Tagliatelle Bolognese. Bologna, where recipes have been passed down from generation to generation, is the birthplace of this all-time favorite dish. It features wide noodles topped with a sauce of ground meat.
Olive oil. When it comes to the places where you’ll find the best olive oil, it’s a toss-up between Tuscany, where you’ll find delicious peppery olive oil, and Puglia, the country’s olive oil capital.
Arancini. Sicily is the home of these fried rice-and-cheese balls, but you can find them throughout most of Southern Italy, filled with a variety of delicious stuffings.
Italian is the most widely spoken language in Italy. However, English is widely used in popular areas. That said, knowing some key phrases is always useful. It will help you find your way around and show locals that you’re interested in learning about their culture.
What are some cultural customs and etiquette to be aware of in Italy?
Punctuality. Italians value punctuality, so arriving on time for appointments and meetings is important.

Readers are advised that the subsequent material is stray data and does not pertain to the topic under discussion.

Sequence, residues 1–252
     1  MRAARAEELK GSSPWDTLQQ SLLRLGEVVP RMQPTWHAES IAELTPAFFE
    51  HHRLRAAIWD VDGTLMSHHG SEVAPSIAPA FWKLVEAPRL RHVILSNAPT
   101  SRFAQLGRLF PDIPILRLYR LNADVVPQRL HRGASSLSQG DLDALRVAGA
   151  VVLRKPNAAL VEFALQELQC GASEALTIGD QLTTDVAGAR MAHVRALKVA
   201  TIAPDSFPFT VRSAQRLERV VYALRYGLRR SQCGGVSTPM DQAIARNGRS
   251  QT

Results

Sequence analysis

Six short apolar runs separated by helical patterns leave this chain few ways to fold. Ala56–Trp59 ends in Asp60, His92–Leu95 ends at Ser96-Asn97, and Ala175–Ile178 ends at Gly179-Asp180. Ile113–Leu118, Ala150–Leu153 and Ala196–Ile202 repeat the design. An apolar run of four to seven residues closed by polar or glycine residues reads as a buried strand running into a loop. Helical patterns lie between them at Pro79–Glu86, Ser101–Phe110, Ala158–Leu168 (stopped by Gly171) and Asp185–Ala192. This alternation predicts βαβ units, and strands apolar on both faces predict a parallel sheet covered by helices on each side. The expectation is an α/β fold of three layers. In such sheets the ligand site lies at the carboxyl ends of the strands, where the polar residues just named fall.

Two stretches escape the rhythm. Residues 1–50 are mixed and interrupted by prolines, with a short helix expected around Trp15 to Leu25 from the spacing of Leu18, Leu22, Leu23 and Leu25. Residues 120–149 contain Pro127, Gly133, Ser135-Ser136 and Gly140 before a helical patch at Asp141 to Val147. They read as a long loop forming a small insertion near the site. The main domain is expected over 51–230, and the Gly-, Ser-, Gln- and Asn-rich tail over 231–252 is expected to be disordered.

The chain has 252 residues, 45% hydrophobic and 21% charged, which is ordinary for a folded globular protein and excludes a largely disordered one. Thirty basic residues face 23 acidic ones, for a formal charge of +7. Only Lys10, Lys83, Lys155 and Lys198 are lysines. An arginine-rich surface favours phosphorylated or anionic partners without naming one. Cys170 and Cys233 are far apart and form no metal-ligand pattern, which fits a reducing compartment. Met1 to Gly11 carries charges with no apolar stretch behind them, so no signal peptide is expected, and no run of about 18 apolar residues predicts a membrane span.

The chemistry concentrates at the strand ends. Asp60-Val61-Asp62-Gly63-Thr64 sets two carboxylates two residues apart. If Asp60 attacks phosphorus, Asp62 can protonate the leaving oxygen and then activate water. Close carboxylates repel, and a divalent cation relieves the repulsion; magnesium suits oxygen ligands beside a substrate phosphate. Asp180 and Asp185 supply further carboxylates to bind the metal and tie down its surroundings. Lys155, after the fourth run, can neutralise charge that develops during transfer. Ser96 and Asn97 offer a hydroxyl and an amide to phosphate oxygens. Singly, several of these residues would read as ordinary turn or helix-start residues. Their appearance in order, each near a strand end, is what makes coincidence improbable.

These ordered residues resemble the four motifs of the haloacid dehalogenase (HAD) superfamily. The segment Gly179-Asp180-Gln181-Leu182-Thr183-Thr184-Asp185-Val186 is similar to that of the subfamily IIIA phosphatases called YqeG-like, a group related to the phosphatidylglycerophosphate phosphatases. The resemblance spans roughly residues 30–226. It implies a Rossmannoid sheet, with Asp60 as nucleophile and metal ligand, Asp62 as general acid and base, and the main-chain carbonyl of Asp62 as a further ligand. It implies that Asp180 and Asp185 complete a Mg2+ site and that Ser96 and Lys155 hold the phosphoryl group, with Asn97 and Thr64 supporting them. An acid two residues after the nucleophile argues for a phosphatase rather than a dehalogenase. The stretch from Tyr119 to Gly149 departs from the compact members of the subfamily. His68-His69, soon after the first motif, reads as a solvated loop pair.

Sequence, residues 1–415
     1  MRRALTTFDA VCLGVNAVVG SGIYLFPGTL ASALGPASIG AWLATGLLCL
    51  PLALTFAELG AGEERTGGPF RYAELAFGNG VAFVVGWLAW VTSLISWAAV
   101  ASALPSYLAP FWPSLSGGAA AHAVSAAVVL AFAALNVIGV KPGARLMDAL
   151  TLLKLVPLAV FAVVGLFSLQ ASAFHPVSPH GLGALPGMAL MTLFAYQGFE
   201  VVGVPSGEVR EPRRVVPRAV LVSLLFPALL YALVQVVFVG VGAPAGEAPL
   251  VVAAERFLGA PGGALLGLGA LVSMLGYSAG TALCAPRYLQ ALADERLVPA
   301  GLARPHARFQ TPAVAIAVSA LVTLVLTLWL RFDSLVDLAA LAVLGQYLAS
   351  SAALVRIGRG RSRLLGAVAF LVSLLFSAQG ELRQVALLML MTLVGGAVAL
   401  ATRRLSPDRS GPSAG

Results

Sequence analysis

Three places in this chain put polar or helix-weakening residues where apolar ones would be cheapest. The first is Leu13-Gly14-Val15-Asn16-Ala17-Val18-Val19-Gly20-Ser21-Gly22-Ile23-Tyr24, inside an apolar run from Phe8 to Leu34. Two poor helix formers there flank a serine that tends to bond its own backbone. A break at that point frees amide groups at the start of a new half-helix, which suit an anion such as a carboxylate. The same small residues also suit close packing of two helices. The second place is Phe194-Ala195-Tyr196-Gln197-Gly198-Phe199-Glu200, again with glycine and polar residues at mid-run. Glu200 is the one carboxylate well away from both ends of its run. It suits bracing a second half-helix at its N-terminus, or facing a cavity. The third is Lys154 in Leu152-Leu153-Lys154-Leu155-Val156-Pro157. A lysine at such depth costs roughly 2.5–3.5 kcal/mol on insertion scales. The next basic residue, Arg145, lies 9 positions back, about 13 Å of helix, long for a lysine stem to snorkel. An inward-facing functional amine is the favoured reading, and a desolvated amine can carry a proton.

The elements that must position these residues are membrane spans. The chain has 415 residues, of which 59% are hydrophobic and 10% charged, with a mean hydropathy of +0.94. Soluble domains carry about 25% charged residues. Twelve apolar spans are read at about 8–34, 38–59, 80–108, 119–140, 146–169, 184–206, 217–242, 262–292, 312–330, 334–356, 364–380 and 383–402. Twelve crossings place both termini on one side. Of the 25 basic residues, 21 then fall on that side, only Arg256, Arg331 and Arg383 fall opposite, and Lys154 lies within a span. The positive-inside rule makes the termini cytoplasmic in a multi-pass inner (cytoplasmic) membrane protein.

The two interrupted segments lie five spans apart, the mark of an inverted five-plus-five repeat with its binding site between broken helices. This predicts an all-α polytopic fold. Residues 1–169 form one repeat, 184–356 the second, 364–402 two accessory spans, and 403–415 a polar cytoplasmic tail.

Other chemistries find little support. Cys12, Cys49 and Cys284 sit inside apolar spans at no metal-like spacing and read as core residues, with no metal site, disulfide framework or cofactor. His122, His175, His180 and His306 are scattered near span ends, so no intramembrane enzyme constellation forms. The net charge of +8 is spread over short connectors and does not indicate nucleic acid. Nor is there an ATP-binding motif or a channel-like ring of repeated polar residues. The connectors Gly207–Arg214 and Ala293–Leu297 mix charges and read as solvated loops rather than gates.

Greeting people. Greeting people with a handshake or kiss on the cheek is customary.
Dining out. Eating in Italy is an art form. It’s considered rude to ask for substitutions or not to finish your meal. And when it comes to spaghetti, roll it on a fork. Don’t eat spaghetti with a spoon or use a knife to cut it. And don’t order an espresso with your meal. Save the coffee until after you’re finished eating.
Remove your hat. It’s a well-established tradition in Italy to remove your hat when you enter a church. The same goes for entering restaurants and cafes.
Leave your shorts in your suitcase. Few Italians wear shorts in the city. Dressing well is important, especially in the cities.